A total collapse of ACA marketplaces is unlikely because of continuing federal subsidies for the purchase of insurance by individuals with incomes below 400 percent of the federal poverty level. But those not eligible for subsidies may face higher premiums in some states, and some may be forced to forgo coverage. Those who remain in the market may be sicker than average, leading to a higher-risk pool and fueling premium increases.

A key way to mitigate the adverse effects of these recent policies is by offering reinsurance, a policy that is garnering bipartisan support at the federal and state levels.

What Is Reinsurance?

Reinsurance was a critical feature of ACA marketplaces in their first three years. The marketplaces were new, and insurers faced considerable uncertainty about the health status of enrollees. The law thus offered insurers some protection against unexpectedly high claims through a reinsurance program. Reinsurance protects insurers by limiting their exposure to very high, unpredictable medical expenses incurred by their members by covering some of those expenses when they exceed a certain threshold. For example, the ACA stipulated that insurers with claims costs that exceeded a threshold amount for a particular individual — $45,000 in 2014 — qualified for reinsurance payments for 100 percent of the excess up to $250,000. The program was financed by fees on both individual and employer plans, including self-insured employers, and was thus deficit neutral. It is estimated that reinsurance reduced average premiums in the marketplaces by as much as 14 percent.

The ACA legislation phased down the reinsurance program over 2014–2016 since it was assumed that as insurers gained more familiarity with enrollees, they could price their products with greater certainty. After the program ended in 2016, premiums rose in 2017 more sharply than they had in prior years, an increase that was partly attributed to the loss of reinsurance.

Industry stakeholders and health policy experts have suggested that reinsurance could stabilize the individual market. Researchers Chrissy Eibner and Jody Liu of RAND estimated that reinstating the reinsurance program could reduce premiums in the marketplaces by 3.9 percent to 19.3 percent in 2020, depending on the generosity of the program. Because lower premiums also reduce what the federal government spends on tax credits, the researchers projected federal deficit savings of $2.9 billion to $13.1 billion. However, the researchers also assume that some of those fees ultimately would be passed on to people enrolled in private plans.

Federal reinsurance programs have appeared in a number of recent Congressional bills. Last year, ACA repeal-and-replace bills included reinsurance programs for the individual market that would be financed directly by the federal government. Senators Susan Collins (R–Maine) and Bill Nelson (D–Fla.) introduced a bill with a similarly structured reinsurance program at the end of 2017. And a recently introduced bill from Senators Jeff Merkley (D–Ore.) and Chris Murphy (D–Conn.) proposing that a Medicare plan be offered through the marketplaces and by employers also includes a reinsurance program.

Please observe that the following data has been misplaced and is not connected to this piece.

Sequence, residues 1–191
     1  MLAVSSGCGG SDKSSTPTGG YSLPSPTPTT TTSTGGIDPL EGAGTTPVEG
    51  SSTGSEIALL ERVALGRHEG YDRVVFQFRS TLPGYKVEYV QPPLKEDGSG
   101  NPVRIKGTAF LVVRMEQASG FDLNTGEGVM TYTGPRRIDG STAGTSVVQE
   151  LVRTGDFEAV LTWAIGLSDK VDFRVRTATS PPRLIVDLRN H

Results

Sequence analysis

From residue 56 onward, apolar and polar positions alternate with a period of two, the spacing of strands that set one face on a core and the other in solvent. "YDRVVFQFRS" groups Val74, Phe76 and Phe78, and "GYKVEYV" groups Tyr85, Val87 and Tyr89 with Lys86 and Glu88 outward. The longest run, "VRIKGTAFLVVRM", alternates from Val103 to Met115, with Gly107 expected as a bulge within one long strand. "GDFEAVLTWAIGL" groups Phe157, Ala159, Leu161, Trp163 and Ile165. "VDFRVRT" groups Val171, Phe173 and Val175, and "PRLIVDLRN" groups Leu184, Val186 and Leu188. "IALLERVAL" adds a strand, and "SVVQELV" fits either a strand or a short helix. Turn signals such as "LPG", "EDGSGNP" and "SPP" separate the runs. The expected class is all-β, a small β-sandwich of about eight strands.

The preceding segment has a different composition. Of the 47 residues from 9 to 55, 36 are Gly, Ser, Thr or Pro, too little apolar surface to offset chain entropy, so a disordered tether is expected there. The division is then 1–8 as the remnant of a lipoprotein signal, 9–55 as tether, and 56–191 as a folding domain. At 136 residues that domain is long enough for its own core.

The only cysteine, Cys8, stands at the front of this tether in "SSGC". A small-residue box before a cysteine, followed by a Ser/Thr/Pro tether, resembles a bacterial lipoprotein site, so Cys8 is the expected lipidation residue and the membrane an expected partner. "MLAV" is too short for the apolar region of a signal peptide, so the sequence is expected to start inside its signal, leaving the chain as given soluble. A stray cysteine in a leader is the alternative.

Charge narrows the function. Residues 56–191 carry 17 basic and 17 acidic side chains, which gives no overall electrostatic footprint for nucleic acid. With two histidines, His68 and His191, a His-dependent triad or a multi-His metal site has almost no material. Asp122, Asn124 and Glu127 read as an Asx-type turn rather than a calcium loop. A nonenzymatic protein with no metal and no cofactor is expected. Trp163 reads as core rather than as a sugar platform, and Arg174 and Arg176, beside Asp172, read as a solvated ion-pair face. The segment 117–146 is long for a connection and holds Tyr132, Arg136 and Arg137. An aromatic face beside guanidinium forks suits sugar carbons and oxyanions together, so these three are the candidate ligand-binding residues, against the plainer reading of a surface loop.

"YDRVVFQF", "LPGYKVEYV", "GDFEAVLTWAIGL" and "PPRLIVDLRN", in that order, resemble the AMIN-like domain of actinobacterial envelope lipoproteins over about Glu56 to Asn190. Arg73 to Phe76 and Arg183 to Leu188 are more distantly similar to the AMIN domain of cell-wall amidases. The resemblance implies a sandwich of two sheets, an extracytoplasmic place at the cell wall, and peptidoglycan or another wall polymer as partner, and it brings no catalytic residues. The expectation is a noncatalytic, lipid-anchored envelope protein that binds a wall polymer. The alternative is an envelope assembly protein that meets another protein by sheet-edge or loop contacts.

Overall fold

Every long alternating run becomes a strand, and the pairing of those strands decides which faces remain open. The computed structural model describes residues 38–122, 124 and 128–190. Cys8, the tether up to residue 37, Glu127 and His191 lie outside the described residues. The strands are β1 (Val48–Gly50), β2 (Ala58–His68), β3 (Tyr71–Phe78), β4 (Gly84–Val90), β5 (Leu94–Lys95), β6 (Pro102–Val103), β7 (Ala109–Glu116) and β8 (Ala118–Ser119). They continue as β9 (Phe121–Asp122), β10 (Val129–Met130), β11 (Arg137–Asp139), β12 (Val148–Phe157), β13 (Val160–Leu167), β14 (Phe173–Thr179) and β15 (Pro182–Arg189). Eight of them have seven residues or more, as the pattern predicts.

Some of these proposals would fund reinsurance through upfront federal expenditures, rather than charging fees to insurers. Deficit reductions could be lower under this scenario, but may still be possible because the federal expenditures on reinsurance would be offset by savings on lower tax credit expenditures as premiums fall. However, the RAND researchers find that the cost to taxpayers would be about the same under both approaches, since insurers would likely pass on fees to their customers in the form of higher premiums.

States Take the Lead

In the absence of consensus in Congress on how to strengthen the marketplaces, several states have secured, or are seeking, approval from the federal government to establish state-based reinsurance programs through the ACA’s innovation waiver program. Under the waiver program, states can make changes to their marketplaces as long as they cover at least the same number of people and maintain the same levels of affordability. Reinsurance has been the most common innovation pursued by states.

Alaska, Minnesota, and Oregon have received federal approval to establish reinsurance programs. There are notable differences in their approaches:

  • In Alaska, medical claims for individuals with at least one of 33 high-cost conditions are covered by the Alaska Reinsurance Program. The program was responsible for preventing the state’s last remaining insurer from leaving the individual market in 2017.
  • In Minnesota, the reinsurance program covers 80 percent of claims for individuals up to $250,000 once a $50,000 threshold is passed. For the 2018 plan year, insurers submitted two sets of premiums, one assuming reinsurance and one without it. The rates accounting for reinsurance were approximately 20 percent lower.
  • Oregon’s waiver application sought approval for a program that would reimburse 50 percent of claims between a yet-to-be-established threshold up to $1 million. The U.S. Department of Health and Human Services approved the proposal in October 2017.

Six more states have passed legislation or submitted applications to establish reinsurance programs.